These photos from the 1800s first proved that galloping horses levitate
If you are one of the many thousands people who tune in to horse racing’s Triple Crown this time of year, watching a horse move is, in itself, no special feat. But before Eadweard Muybridge starting experimenting with stop-motion photography in the 1870s, no one had ever seen it before.
Muybridge, a photographic pioneer, was fascinated with movement and photography’s ability to capture it. Long before Instagram added the hyperlapse and boomerang features, Muybridge invented the zoopraxiscope, which, much like the former, gave the effect of movement to still photography.
This invention was prompted after California governor and horse breeder Leland Stanford (who would later found Stanford University) approached Muybridge in the early 1870s to help him discover whether a galloping horse lifts all four hoofs off the ground at one point. Five years later, and following many photographic experiments at Stanford’s Palo Alto Stock Farm, Muybridge’s cameras proved that horses did, in fact, lift all four hoofs off the ground — a theory Stanford called “unsupported transit.”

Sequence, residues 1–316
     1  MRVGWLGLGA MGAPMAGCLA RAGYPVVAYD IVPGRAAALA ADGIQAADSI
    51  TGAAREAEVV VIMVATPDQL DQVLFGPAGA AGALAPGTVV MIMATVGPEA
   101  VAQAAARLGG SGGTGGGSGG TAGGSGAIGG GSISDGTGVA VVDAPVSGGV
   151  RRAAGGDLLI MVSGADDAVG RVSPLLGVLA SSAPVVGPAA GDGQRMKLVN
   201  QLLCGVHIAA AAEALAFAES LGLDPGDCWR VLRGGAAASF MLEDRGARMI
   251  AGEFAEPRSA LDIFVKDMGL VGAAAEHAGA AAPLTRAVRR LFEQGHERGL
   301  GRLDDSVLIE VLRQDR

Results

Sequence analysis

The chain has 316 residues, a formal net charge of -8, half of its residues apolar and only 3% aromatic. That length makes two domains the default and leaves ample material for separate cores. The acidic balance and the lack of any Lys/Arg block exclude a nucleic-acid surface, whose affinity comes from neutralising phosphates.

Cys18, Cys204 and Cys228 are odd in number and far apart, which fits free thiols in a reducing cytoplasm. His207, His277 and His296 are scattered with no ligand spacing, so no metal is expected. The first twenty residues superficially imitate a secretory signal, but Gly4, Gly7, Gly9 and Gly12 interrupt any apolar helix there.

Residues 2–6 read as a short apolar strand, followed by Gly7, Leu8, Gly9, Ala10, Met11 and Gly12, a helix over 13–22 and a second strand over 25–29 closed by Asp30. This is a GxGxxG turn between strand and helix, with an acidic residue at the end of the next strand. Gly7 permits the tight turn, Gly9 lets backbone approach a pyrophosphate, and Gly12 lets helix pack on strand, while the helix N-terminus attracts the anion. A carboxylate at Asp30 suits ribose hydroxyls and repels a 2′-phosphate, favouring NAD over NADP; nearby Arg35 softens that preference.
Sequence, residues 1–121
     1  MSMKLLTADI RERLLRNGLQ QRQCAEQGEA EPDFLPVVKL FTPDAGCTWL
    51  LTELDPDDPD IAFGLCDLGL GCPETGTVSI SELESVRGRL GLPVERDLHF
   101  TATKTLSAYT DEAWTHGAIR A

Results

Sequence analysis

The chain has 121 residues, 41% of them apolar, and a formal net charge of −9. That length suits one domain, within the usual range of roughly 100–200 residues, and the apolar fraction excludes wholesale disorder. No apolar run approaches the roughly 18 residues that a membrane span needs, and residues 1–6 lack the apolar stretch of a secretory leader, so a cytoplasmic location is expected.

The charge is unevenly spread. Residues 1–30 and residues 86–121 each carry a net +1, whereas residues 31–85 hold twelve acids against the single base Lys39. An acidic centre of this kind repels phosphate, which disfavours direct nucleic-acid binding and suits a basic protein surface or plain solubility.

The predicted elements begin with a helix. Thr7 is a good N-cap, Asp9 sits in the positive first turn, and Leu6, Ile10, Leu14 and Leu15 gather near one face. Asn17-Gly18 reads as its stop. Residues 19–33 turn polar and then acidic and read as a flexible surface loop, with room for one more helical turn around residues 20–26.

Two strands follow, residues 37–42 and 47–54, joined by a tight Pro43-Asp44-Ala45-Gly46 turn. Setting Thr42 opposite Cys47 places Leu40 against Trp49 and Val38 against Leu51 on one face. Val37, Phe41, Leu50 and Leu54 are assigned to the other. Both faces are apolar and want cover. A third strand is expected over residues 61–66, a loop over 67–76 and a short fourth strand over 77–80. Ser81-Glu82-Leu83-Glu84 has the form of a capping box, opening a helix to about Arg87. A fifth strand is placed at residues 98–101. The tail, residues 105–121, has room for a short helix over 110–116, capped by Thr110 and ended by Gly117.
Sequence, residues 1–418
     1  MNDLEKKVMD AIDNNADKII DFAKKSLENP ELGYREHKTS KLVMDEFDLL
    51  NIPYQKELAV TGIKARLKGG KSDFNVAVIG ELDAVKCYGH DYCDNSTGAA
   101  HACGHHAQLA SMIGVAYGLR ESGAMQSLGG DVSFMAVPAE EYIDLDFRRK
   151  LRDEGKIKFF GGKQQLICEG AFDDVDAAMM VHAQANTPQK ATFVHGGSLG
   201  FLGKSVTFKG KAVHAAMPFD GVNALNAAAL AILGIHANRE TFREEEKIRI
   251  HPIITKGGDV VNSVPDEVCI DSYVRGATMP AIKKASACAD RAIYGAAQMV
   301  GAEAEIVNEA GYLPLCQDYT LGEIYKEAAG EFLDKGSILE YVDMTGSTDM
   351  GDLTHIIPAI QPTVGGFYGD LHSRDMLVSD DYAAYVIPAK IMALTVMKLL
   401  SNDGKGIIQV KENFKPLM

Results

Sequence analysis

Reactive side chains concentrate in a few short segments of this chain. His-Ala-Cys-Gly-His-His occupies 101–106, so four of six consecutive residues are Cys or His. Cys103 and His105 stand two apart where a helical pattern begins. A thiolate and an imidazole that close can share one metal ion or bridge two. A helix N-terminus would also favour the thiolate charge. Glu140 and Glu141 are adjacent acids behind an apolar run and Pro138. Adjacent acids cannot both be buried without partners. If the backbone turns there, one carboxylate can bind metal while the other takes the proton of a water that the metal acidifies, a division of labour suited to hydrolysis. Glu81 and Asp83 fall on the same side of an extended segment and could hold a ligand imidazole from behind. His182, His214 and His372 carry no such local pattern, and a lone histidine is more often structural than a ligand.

The entirety of Muybridge’s Animal Locomotion series, which mastered the art and science of using cameras with special shutters that triggered in response to movement, is available to the public through the Library of Congress.
Each frame serves in harmony with one another to create a visual rhythm, that echoes the sounds of hoofs and syncopates Muybridge’s scientific triumph.
The images have become as iconic as photography itself.